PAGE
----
Proton Pump Inhibitor Drugs Linked to Dementia

I have nothing against Prilosec in particular. It can be very helpful.

We have two major classes of drugs that reduce acid production by the stomach. The first was H2 blockers, the granddaddy being Tagamet (cimetidine). Tagamet was the first PPI on the market in the U.S., probably 25-30 years ago. Several H2 blockers are are available without a prescription. The second and later class of acid-reducing drugs is the PPI. These are more potent than H2 blockers. Because of H2 blockers and PPIs, and the discovery that H. pylori causes many ulcers, we have many fewer patients requiring surgery for upper GI ulcers. Surgery like vagotomy and pyloroplasty. Once the ulcer heals, most folks don’t need to take a PPI for the rest of their lives.

There are reasons our stomachs produce acid. One is that the acid helps kill pathogens in our food before they make us sick. Another is to start the digestion of proteins we eat. You can imagine that drastically reducing stomach acid production has some potential adverse effects.

Bix at Fanatic Cook turned me on to the possibility that chronic use of  PPIs might cause cognitive decline, up to and including dementia. In the U.S., PPIs are available over-the-counter and many physicians prescribe and recommend them to patients in order to reduce stomach acid. The most common reason for chronic usage must be gastroesophageal reflux disease (aka GERD), which is severe or frequently recurrent heartburn. Common PPI names are Protonix, Nexium, Prilosec, omeprazole, and pantoprazole.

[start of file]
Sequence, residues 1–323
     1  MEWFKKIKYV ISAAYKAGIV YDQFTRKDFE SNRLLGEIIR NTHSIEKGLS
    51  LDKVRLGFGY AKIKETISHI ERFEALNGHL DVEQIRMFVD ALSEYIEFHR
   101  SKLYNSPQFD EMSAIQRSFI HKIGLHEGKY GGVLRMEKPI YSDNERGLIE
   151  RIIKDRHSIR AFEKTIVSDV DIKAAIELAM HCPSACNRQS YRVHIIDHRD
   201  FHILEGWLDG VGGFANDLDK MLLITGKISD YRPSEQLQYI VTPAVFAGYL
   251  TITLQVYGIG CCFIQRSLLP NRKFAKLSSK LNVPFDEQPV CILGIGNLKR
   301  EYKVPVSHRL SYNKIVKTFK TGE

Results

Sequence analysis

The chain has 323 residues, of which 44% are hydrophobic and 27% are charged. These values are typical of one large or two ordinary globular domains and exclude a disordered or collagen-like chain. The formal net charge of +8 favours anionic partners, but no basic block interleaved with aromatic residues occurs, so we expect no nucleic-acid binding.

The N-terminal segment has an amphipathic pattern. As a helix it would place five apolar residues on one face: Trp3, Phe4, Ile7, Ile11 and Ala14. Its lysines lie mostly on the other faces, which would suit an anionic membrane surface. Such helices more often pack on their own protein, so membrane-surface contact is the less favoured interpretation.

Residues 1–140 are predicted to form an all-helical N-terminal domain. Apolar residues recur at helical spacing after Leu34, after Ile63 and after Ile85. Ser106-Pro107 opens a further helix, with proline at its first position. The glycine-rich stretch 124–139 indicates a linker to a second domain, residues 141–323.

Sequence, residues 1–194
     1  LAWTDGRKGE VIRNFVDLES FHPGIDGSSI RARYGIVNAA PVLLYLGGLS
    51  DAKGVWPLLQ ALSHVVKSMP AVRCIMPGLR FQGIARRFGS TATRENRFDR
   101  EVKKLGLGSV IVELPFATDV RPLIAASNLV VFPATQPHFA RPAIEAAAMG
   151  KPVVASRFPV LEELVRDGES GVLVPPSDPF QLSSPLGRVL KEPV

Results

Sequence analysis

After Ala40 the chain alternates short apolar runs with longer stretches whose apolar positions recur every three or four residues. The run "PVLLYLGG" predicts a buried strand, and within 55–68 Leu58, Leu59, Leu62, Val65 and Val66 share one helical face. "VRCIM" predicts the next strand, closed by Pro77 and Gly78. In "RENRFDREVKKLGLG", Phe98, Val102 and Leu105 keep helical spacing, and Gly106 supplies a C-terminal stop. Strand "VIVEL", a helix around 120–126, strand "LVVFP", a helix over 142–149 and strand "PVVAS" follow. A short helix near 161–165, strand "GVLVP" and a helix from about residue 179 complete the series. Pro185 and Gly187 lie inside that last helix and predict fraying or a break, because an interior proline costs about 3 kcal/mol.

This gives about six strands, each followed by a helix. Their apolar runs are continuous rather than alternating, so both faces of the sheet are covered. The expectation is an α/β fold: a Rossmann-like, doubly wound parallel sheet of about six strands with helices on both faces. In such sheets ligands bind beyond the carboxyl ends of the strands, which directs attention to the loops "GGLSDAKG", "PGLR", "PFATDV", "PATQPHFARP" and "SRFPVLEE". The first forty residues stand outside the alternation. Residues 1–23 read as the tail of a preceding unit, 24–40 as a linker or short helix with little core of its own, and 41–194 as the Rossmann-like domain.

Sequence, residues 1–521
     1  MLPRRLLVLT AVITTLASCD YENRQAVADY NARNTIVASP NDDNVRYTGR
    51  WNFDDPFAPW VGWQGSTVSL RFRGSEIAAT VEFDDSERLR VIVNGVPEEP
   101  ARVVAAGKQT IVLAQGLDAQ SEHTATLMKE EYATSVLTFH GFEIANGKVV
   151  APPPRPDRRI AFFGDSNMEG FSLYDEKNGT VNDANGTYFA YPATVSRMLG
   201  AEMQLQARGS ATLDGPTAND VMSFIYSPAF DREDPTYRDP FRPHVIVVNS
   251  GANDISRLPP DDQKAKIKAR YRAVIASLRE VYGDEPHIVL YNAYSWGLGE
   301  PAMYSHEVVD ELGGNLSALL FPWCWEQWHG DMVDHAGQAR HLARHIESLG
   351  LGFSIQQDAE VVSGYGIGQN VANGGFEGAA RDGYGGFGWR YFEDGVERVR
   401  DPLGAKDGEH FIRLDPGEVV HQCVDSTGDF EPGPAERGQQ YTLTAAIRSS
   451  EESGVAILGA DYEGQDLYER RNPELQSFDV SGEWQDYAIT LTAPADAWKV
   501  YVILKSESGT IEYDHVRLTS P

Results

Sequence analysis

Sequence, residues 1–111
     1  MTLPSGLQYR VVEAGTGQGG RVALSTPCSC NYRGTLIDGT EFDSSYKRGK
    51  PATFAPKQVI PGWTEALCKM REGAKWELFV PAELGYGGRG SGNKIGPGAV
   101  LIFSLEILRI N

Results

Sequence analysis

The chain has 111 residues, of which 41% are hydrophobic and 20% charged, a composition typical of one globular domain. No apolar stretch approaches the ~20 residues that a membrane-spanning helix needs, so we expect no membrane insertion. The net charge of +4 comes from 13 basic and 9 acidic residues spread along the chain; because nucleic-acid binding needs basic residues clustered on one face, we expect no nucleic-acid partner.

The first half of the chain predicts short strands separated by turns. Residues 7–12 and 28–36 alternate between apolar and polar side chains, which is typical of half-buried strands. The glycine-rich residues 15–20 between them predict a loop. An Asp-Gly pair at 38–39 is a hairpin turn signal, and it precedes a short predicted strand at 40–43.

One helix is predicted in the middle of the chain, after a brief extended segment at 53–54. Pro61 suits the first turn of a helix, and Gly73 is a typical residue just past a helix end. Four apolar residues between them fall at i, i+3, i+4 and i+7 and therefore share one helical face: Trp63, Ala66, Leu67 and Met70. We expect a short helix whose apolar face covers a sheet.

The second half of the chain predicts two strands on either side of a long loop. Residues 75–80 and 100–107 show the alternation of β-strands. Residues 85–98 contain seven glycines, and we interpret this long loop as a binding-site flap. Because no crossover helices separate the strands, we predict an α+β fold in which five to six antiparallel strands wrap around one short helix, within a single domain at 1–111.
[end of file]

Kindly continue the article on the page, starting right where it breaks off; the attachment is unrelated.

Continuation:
A German population study a few years ago linked PPI usage with higher risk of dementia.

A total of 73,679 participants 75 years of age or older and free of dementia at baseline were analyzed. The patients receiving regular PPI medication (n = 2950; mean [SD] age, 83.8 [5.4] years; 77.9% female) had a significantly increased risk of incident dementia compared with the patients not receiving PPI medication (n = 70,729; mean [SD] age, 83.0 [5.6] years; 73.6% female) (hazard ratio, 1.44 [95% CI, 1.36-1.52]; P < .001).

The avoidance of PPI medication may prevent the development of dementia. This finding is supported by recent pharmacoepidemiological analyses on primary data and is in line with mouse models in which the use of PPIs increased the levels of β-amyloid in the brains of mice. Randomized, prospective clinical trials are needed to examine this connection in more detail.

Source: Association of Proton Pump Inhibitors With Risk of Dementia: A Pharmacoepidemiological Claims Data Analysis – PubMed

Check out Bix’s article to read that: